JUPITER -- Casey Kotchman might know more major-league players on a first-name basis than just about anyone in the game. That’s because the first baseman has played for six teams over the past five years.
If he wins a job on the Marlins, make that seven teams in six years.
“I’ve been privileged to have an opportunity to put on different uniforms and meet a bunch of different players that I wouldn’t have met had I stayed in one place,” Kotchman said.
The Marlins on Friday signed Kotchman to a minor-league contract as insurance for Logan Morrison, who is returning from knee surgery and might not be ready by Opening Day.
“Typically, if you draw it up in your mind, you want to stay in one place,” said Kotchman, who has also played for the Angels, Braves, Rays, Indians, Red Sox and Mariners, just since 2008. “But looking back on it, you have a chance to meet a bunch of new players and teammates and build relationships with everybody.”
Manager Mike Redmond lauds the move because it gives him a “proven major-league first baseman.”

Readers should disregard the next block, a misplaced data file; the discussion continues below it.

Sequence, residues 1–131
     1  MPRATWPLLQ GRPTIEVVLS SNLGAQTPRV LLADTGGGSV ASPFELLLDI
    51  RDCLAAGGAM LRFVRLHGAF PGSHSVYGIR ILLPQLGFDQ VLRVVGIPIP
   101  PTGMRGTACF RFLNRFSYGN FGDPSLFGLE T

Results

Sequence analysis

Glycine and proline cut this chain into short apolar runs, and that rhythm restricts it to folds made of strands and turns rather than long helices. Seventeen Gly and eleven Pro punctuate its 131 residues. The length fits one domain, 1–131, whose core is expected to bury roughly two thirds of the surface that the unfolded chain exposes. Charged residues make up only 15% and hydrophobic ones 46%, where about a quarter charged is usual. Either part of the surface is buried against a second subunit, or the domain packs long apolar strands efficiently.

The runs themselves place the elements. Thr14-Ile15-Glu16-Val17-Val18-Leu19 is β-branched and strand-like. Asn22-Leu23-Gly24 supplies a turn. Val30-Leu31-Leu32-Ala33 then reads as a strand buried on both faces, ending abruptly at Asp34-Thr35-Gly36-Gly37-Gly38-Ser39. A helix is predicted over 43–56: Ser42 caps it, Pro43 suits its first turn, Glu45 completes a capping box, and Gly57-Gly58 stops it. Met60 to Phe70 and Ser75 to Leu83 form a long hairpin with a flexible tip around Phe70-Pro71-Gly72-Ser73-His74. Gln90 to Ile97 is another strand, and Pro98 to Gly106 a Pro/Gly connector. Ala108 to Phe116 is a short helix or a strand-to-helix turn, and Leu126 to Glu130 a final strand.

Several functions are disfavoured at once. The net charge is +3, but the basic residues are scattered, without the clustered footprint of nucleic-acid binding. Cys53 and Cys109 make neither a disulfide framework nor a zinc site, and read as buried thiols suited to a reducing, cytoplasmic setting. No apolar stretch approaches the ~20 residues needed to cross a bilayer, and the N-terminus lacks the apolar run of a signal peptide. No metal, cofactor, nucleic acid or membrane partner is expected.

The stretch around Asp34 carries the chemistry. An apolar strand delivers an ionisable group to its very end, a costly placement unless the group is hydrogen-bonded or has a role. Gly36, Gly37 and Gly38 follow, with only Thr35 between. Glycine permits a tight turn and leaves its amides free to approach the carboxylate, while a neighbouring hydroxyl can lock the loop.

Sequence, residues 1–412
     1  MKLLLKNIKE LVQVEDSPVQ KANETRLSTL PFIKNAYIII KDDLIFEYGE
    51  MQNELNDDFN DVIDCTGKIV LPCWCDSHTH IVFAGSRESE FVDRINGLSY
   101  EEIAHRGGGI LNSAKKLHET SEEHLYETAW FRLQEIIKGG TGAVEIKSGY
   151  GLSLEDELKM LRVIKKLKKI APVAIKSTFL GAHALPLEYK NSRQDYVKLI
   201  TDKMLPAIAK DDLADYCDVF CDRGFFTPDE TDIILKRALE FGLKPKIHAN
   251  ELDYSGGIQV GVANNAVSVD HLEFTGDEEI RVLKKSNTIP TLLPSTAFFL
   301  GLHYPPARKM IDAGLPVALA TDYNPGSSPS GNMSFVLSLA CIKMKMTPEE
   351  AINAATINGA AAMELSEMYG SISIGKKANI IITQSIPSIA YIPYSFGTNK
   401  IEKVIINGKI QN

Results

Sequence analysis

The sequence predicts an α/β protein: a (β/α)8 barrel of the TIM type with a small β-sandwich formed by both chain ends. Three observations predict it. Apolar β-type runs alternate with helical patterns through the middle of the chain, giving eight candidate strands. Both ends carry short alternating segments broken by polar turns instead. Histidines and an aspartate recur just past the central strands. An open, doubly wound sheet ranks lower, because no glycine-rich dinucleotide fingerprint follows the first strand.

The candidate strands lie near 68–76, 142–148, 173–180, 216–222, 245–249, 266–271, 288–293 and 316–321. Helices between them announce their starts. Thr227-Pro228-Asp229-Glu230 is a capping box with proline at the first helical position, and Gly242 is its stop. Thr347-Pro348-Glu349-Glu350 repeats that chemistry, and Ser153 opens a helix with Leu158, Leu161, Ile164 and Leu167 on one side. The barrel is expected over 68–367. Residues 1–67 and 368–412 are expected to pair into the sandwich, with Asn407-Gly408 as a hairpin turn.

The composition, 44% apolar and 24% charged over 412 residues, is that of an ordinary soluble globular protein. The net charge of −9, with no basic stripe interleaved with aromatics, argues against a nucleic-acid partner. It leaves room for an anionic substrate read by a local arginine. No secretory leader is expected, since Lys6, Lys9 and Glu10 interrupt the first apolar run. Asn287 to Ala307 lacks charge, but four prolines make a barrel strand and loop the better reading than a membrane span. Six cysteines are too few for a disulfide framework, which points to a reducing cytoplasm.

“He’s going to have to earn it, but it’s nice to have him in camp,” Redmond said. “He’s got a great glove, and he can hit, too.
“Obviously, he’s had a couple of rough years in there, but that’s over with. But we know he can play defense.”
A total of 155 Marlins games will be televised this season, including 150 on Fox Sports Florida.
The Marlins are also scheduled to appear three times on Fox’s Saturday Game of the Week: May 25 against the White Sox, July 13 against the Nationals and Aug. 11 against the Giants.
In addition, two games against Tampa — on May 27 and 28 — will be televised on the Rays’ broadcast on Sun Sports.
Taking it easy
Redmond said the Marlins are “trying to ease into it a little bit” because of an extra week of spring training created by the World Baseball Classic.
As a result, the Marlins aren’t planning to have pitchers throw batting practice to hitters until Monday.
In most years, that usually takes place on the first day of full-squad workouts, and the pitchers are at an advantage because the hitters haven’t found their timing.
The result is often a lot of broken bats and stinging hands.
“I don’t know of any position player who likes coming right out of the chute the first day and facing live pitching,” Redmond said.
“The luxury that we have of having a little bit extra time is that we can kind of get those guys a few days of batting practice in, get them a little comfortable. I think the position players are excited about that. It’ll save them some wood and save their fingers a little bit.”